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Man and Nature in the Renaissance (Cambridge History of Science)by Allen Debus
Synopses & Reviews
Man and Nature in the Renaissance offers an introduction to science and medicine during the earlier phases of the scientific revolution, from the mid-fifteenth century to the mid-seventeenth century. Renaissance science has frequently been approached in terms of the progress of the exact sciences of mathematics and astronomy, to the neglect of the broader intellectual context of the period. Conversely, those authors who have emphasized the latter frequently play down the importance of the technical scientific developments. In this book, Professor Debus amalgamates these approaches: The exact sciences of the period are discussed in detail, but reference is constantly made to religious and philosophical concepts that play little part in the science of our own time. Thus, the renewed interest in mystical texts and the subsequent impact of alchemy, astrology, and natural magic on the development of modern science and medicine are central to the account. Major themes that are followed throughout the book include the effects of humanism, the search for a new method of science, and the dialogue between proponents of the mystical-occult world view and the mathematical-observational approach to nature.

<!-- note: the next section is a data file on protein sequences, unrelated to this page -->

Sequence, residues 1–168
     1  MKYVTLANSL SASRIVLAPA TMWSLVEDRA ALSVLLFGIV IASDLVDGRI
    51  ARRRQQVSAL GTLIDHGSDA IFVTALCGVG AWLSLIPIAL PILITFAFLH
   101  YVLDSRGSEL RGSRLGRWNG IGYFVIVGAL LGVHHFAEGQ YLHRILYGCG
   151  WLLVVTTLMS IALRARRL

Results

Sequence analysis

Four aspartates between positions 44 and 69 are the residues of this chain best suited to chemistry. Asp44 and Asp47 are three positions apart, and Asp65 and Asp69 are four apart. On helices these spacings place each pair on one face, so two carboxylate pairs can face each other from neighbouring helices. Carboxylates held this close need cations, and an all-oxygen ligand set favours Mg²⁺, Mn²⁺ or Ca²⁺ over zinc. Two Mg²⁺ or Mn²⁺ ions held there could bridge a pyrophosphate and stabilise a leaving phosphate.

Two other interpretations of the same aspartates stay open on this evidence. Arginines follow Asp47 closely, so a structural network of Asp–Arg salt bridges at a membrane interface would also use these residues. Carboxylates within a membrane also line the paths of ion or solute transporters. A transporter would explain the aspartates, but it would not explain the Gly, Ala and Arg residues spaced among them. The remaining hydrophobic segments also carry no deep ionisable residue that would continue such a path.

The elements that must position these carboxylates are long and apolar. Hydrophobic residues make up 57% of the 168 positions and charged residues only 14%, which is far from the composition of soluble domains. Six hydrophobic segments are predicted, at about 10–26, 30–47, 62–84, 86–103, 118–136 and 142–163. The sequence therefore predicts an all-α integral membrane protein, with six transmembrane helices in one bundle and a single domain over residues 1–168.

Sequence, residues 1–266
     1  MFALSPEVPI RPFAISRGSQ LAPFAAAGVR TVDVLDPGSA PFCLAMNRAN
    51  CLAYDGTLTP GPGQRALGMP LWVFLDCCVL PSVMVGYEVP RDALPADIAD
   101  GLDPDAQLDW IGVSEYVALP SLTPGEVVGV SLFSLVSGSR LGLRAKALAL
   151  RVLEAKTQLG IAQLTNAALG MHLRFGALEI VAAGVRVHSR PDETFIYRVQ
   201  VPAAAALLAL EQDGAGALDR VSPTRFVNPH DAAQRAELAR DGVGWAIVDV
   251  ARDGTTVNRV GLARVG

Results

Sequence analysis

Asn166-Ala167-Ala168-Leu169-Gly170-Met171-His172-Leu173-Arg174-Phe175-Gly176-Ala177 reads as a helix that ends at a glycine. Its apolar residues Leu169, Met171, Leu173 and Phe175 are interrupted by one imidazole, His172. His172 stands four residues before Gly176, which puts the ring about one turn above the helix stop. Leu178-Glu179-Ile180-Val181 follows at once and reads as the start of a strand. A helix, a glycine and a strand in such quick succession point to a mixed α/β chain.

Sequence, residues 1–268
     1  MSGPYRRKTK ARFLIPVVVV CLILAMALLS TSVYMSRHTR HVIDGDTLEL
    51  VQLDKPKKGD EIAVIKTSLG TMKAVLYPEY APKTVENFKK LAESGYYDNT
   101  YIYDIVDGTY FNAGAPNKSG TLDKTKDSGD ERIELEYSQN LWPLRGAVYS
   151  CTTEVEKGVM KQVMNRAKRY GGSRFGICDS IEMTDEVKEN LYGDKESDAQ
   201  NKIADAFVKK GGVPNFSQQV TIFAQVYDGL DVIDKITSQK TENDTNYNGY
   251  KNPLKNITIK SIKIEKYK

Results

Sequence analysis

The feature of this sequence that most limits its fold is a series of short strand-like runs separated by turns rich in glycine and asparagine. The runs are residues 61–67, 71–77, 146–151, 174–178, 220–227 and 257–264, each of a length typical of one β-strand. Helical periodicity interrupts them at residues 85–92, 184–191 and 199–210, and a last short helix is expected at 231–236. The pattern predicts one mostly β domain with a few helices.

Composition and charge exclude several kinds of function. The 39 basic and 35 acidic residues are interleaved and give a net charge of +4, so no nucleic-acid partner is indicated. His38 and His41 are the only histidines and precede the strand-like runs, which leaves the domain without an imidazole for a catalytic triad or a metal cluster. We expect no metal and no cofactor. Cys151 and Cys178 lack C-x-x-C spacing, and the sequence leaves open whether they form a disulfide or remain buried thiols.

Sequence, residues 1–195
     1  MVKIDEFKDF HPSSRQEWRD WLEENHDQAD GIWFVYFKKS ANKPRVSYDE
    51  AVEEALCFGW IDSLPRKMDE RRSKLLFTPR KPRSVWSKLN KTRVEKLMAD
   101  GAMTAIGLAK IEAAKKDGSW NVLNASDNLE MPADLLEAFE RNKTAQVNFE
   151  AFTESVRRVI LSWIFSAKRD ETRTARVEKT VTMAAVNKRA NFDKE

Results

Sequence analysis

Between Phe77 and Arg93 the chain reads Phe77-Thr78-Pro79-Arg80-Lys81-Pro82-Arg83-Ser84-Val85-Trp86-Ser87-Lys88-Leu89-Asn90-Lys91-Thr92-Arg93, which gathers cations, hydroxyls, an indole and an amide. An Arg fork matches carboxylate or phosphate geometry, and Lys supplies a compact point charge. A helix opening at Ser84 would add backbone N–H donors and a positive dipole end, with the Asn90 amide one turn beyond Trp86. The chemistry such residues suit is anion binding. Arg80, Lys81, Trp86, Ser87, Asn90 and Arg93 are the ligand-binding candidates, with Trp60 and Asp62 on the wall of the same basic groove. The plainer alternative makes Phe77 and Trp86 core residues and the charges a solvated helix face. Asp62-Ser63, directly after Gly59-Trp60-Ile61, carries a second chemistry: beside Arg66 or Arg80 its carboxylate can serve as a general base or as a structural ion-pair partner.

An introduction to science and medicine during the earlier phrases of the scientific revolution.
An integrated introduction to science and medicine from the mid-fifteenth to the mid-seventeenth century. Unlike almost all other books on this period it gives due weight to religious, philosophical and mystical movements which influenced contemporary science.
Table of Contents
Preface; 1. Tradition and reform; 2. The chemical key; 3. The study of nature in a changing world; 4. The study of man; 5. A new world system; 6. New methods and a new science; 7. The new philosophy - a chemical debate; 8. Epilogue and indecision; Suggestions for further reading; Sources of quotations; Index.
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